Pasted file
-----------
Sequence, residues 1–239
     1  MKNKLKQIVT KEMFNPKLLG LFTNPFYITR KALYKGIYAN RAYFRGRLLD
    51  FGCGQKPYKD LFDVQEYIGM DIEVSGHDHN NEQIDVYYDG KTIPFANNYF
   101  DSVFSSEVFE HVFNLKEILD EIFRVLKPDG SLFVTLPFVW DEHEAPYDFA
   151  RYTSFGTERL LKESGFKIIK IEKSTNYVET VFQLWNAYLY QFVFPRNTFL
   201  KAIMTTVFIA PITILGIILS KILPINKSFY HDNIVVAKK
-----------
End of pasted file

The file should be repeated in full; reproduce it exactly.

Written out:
Sequence, residues 1–239
     1  MKNKLKQIVT KEMFNPKLLG LFTNPFYITR KALYKGIYAN RAYFRGRLLD
    51  FGCGQKPYKD LFDVQEYIGM DIEVSGHDHN NEQIDVYYDG KTIPFANNYF
   101  DSVFSSEVFE HVFNLKEILD EIFRVLKPDG SLFVTLPFVW DEHEAPYDFA
   151  RYTSFGTERL LKESGFKIIK IEKSTNYVET VFQLWNAYLY QFVFPRNTFL
   201  KAIMTTVFIA PITILGIILS KILPINKSFY HDNIVVAKK